Needlestick injuries and exposure to blood and high risk body fluids: initial action plan

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Immediately following exposure

Apply First Aid:

  • Encourage local bleeding of accidental puncture wounds by gently squeezing.

DO NOT SUCK THE AREA

  • Wash the affected area with soap and warm water

DO NOT SCRUB THE AREA

  • Treat mucosal surfaces such as mouth or conjunctiva by rinsing with warm water or saline. Water used for rinsing the mouth must not be swallowed.

DO NOT USE BLEACH ON THE INJURY

Assess the injury

Establish whether a significant injury has occurred.

In order for an injury to be considered significant, both the type of injury incurred and the body fluid involved must be high-risk. See boxes 1 & 2 below for definitions of high-risk injuries and body fluids. 

Note: for advice on how to manage human bites, see section 4.1 of the guideline Management of occupational and non-occupational exposures to bloodborne viruses . 

Has this been a significant injury?

HAS THIS BEEN A SIGNIFICANT INJURY?

 

NO

                           

YES

Health Care Worker
The risk of infection with a bloodborne virus is extremely small.

Inform Occupational Health Department at earliest opportunity.

Complete IR1 form.

With your supervisor, reflect on the cause of the injury and take steps to ensure the future risk of such incidents is reduced.

 

Member of the public
Reassure that the risk of infection with a bloodborne virus is extremely small, and that no further action is required

If further reassurance is needed. advise to contact GP who can arrange counselling if required. Counselling services can be accessed through the Brownlee Centre, Gartnavel General Hospital or the Sandyford Initiative. 

If the incident has occurred during the course of the patient's work, advise him/her to inform their Occupational Health Department (where applicable) at the earliest opportunity.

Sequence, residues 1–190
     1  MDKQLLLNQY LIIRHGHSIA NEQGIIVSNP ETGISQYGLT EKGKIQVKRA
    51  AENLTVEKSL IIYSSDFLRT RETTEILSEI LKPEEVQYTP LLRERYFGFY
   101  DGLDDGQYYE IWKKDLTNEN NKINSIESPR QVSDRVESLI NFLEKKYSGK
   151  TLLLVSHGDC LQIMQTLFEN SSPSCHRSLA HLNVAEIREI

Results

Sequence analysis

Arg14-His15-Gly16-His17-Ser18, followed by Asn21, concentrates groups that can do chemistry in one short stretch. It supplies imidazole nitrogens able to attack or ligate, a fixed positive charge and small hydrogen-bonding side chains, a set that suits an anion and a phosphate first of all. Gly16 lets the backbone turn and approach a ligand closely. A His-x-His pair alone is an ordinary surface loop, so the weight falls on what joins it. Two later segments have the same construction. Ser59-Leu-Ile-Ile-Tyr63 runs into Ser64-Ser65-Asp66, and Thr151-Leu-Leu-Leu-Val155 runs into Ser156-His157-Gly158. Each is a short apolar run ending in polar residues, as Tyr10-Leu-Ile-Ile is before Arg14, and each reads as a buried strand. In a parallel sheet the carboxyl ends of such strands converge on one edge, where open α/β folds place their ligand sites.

Health Care Worker
Report injury to supervisor

Inform Occupational Health Department immediately or, if out of hours, go to Emergency Department as soon as possible, ideally within one hour of the incident occurring. 

Supervisors should refer to section 1.3 of the guideline Management of occupational and non-occupational exposures to bloodborne viruses for guidance on their roles and responsibilities.

 

Member of the public
Refer patient to the Emergency Department as soon as possible, ideally within one hour of the incident occurring. 

Those treating significant injuries should follow the guideline Management of occupational and non-occupational exposures to bloodborne viruses 

 

Box 1: Injury type

High-Risk Injury

Low-Risk Injury

Percutaneous exposure e.g. needlestick or other sharps injury. 

Exposure on broken skin.

Mucous membrane exposure (e.g. eye)

Splash on intact skin - there is no known risk of BBV transmission from exposures to intact skin. 

 

Box 2: Body fluid

High-Risk Body Fluid

Low-Risk Body Fluid (unless blood stained)

 

Blood
Blood stained low risk fluid
Semen
Vaginal secretions
CSF
Pericardial fluid
Peritoneal fluid
Pleural fluid
Saliva associated with dentistry
Amniotic fluid
Breast milk
Synovial fluid
Unfixed tissues or organs

Urine
Vomit
Saliva
Faeces

The full guideline and supporting documentation can be accessed at www.nhsggc.org.uk/phpu

Editorial Information

Last reviewed: 03 June 2015

Next review: 03 June 2019